– Attributed to Horace Greeley
“They must often change, who would be constant in happiness or wisdom.”
“Go West, young man.”
After 15 months at Safe Harbor Marina Marathon–with just a few sailing excursions into Hawk Channel– we took our dock rug, hoses, and electrical cords and prepared to sail away. Our friends Guy and Pam were there to help with lines, and it was sad to say goodbye. Phil backed out of the slip that early Saturday morning while I put away the lines and fenders. We wouldn’t need those where we were going.
Day One: Marathon to Key Lois
It was still, calm and sunny with no wind as we motored past the familiar vessels in the marina for the last time. We passed the boat wreck where cormorants, pelicans and ibises had entertained us as we watched them preening or fishing, or just drying their wings. Last week we watched every other species scatter as a bald eagle landed on the wreck with his fish dinner. Soon, his partner swooped in to share the leftovers. The panicked cormorants swam away in a tight group of about 20 birds, safety in numbers. There was no doubt as to who rules the roost. (We will miss the roost.)
The sea was as flat as it gets, so the boat moved smoothly through the morning. We saw dolphins for a few minutes, surprising since we hadn’t seen any in Marathon since around June. The smart ones must have moved on to cooler waters. Our poor seasick cat tossed her Friskees under the salon table and curled up under the aft bed. She is 19½ human years old, so we forgive her.
Phil had plotted a two-day course to Key West using paper charts and our Garmin chart plotter, so it was easy to navigate. We put Otto the autopilot on and with minor course corrections for the numerous crab pots, we made our way west to the first night’s anchorage at Key Lois (aka Loggerhead Key), arriving in early afternoon.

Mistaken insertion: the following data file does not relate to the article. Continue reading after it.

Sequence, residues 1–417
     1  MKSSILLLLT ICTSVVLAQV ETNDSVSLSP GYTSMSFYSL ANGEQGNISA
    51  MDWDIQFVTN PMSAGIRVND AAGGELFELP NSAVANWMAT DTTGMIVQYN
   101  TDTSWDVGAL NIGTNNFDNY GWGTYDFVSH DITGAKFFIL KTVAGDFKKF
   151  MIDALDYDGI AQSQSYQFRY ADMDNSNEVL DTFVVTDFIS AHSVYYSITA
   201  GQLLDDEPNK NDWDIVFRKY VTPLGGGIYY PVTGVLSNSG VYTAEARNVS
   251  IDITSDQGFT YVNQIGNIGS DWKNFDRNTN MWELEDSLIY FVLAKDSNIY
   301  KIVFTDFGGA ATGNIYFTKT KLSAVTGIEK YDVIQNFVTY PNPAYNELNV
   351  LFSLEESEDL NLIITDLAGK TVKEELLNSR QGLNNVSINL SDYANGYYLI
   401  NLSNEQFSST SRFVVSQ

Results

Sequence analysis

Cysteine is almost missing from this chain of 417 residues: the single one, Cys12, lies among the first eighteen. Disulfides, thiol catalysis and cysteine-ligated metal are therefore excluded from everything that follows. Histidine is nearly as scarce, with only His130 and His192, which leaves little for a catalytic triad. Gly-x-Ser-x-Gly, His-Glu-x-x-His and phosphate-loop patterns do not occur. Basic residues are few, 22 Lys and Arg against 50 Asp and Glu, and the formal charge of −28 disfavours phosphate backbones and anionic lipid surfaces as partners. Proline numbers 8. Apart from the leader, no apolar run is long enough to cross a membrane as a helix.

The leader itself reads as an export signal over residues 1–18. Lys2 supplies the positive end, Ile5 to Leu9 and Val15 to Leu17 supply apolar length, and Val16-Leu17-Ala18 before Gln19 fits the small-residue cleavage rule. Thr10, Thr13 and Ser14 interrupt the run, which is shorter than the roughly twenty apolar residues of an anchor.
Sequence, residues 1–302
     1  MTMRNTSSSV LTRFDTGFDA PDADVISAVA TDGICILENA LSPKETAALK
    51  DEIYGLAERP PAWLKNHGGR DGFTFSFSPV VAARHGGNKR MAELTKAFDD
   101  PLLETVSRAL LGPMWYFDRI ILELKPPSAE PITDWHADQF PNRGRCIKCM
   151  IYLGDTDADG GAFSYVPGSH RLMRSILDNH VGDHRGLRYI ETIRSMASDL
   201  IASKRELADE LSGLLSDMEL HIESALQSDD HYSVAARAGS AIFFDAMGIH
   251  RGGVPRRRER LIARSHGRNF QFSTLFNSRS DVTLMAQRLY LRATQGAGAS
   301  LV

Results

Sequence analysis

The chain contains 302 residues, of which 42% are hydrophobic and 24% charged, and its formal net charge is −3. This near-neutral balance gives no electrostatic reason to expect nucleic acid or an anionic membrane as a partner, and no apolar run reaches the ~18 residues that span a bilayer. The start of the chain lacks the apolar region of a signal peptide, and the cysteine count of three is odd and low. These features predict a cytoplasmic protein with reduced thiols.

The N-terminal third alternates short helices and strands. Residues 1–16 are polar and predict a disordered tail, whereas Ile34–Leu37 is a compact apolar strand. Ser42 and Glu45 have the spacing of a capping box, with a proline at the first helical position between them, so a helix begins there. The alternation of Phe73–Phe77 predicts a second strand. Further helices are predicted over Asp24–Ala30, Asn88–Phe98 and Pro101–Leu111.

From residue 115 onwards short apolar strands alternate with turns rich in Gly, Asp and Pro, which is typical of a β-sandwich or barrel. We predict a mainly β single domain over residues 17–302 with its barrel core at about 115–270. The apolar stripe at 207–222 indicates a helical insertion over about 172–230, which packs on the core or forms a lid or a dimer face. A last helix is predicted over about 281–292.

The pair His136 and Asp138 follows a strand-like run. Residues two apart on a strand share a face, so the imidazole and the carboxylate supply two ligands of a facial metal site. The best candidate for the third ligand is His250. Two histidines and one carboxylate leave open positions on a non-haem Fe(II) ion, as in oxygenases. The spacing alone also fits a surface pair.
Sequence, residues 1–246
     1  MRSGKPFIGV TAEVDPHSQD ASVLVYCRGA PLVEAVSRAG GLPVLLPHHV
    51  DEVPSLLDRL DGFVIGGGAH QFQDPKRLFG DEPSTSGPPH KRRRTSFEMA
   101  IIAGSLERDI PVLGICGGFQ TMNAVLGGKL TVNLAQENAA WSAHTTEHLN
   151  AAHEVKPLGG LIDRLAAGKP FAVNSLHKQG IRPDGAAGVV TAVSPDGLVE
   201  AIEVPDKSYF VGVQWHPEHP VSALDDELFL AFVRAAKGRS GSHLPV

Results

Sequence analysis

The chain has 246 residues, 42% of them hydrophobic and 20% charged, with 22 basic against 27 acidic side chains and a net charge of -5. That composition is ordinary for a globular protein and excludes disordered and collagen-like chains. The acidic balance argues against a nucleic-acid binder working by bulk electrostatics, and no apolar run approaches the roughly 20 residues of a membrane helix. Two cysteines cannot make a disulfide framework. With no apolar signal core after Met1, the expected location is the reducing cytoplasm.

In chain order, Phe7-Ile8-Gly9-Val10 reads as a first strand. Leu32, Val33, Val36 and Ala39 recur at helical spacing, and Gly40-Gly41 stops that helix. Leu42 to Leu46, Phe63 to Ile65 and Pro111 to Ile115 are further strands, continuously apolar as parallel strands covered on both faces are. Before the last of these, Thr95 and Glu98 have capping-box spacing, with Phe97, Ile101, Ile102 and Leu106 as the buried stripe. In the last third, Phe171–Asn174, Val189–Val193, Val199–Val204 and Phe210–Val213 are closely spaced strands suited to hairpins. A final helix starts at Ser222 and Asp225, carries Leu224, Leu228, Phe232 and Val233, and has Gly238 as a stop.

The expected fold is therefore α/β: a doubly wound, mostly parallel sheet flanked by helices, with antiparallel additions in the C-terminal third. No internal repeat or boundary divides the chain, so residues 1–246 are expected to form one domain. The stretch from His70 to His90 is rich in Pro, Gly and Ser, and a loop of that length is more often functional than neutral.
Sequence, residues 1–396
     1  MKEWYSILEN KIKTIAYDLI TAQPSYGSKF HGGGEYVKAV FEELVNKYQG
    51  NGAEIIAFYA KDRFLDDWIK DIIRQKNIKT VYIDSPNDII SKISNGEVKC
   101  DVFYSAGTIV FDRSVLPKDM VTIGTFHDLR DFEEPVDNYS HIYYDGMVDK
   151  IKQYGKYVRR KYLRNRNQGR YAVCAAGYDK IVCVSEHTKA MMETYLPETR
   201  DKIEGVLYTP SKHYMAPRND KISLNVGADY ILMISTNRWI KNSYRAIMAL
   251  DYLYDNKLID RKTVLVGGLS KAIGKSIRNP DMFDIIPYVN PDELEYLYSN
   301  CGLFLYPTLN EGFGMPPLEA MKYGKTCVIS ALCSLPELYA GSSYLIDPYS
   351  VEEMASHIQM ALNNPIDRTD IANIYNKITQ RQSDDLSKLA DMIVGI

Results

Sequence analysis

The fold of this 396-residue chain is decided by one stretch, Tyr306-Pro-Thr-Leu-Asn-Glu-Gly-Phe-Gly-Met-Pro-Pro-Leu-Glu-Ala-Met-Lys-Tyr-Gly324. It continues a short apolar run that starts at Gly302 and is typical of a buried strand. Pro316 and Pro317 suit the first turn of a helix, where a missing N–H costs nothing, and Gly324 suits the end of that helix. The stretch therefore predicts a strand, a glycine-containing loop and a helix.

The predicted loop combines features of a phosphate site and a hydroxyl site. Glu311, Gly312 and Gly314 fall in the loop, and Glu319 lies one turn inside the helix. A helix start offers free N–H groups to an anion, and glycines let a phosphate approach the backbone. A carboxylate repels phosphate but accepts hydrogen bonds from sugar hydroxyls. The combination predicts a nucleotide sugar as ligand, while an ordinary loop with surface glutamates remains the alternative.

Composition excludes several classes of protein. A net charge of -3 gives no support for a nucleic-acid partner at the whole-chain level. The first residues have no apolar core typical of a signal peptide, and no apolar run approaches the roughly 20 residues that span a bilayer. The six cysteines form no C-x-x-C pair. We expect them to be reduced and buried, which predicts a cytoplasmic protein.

When we found a good spot to drop the anchor, I took the wheel and steered into the wind. However, I was not very good at keeping it there, and the boat kept turning. I’m working on that. We did manage to anchor in nine feet of water and turned off the engine. We were the only boat in the anchorage. A frigate bird, with its M-shaped wingspan and swallow tail, paid us a visit wheeling close to the mast on its way around the boat. We didn’t kill it and eat it, so I think it was a good omen.
When night came, we barbecued our veggie burgers and had celebratory gin and tonics. The half-moon lit up the sky, and the stars – so many stars – were brilliant. In the distance, we could see the glow coming from the lights of Key West, the only sizable community in the lower keys. The boat was rolling side to side, but we didn’t really notice until we went below. For such calm seas, we didn’t know why it was so roll-y. With the hatches open and a breeze blowing through, we slept like babies in a giant rocking cradle.
Day Two: Key Lois to Garrison Bight Mooring Field
I awoke before dawn and fed the meowing beast before settling outside to watch the sun rise. Phil made coffee in the French press, and we toasted bagels for breakfast. It was a sunny, cool morning with a better breeze, so we were anticipating a sailing day. Sure enough, as I motored into the wind and Phil pulled the anchor, we felt the rise of wind out of the east. The wind predictions (notoriously unreliable) were for northerly winds, but any wind that allowed us to raise the sails and head west was a blessing.
We sailed downwind with the mainsail pulled to the left side and the foresail to the right. This arrangement is called sailing “wing on wing,” as the two sails look like wings pulling the boat along. We occasionally hit 4.5 knots in a 10 or 12 knot breeze, but mostly cruised along dodging crab pots at 3 to 4 knots. It was peaceful and relaxing. We passed the keys we often traversed on our many trips down Route US1 from Marathon and saw the million-dollar mansions lining the beaches, which aren’t visible from the Overseas Highway. We sailed for more than ten nautical miles.
Welcome to Key West